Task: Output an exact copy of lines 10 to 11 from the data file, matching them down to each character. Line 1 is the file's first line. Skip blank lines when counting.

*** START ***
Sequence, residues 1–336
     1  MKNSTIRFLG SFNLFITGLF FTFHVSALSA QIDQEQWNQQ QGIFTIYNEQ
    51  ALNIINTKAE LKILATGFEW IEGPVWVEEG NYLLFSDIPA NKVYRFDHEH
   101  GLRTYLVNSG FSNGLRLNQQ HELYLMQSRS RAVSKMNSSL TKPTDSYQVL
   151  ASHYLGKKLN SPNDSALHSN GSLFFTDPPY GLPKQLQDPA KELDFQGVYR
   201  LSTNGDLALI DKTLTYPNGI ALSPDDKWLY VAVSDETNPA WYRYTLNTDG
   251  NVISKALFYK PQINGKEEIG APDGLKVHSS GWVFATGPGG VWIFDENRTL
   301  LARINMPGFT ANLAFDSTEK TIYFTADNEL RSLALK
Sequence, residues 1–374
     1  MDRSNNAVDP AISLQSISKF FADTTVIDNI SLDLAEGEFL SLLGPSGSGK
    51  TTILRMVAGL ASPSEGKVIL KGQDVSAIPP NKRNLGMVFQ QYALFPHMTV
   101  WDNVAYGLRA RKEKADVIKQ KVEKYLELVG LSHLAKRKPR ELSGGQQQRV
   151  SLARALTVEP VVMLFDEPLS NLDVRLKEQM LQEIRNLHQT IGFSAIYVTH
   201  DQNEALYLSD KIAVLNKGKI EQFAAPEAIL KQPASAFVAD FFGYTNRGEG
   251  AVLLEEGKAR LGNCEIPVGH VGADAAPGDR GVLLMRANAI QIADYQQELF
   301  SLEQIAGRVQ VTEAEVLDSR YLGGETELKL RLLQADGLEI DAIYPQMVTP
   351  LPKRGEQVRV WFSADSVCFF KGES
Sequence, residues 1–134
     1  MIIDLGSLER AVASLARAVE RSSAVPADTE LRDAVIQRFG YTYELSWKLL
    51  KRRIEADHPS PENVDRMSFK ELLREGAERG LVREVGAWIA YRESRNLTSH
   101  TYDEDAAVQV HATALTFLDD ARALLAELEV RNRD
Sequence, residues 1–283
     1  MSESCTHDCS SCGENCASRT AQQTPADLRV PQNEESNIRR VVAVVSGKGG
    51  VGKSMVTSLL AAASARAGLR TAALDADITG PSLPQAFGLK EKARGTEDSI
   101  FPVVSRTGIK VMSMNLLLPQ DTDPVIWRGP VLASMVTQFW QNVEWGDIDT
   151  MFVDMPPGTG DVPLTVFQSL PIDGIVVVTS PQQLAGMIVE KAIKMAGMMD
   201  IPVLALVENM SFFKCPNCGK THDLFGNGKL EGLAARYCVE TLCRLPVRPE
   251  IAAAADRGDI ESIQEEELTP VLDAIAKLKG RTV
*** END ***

     1  MDRSNNAVDP AISLQSISKF FADTTVIDNI SLDLAEGEFL SLLGPSGSGK
    51  TTILRMVAGL ASPSEGKVIL KGQDVSAIPP NKRNLGMVFQ QYALFPHMTV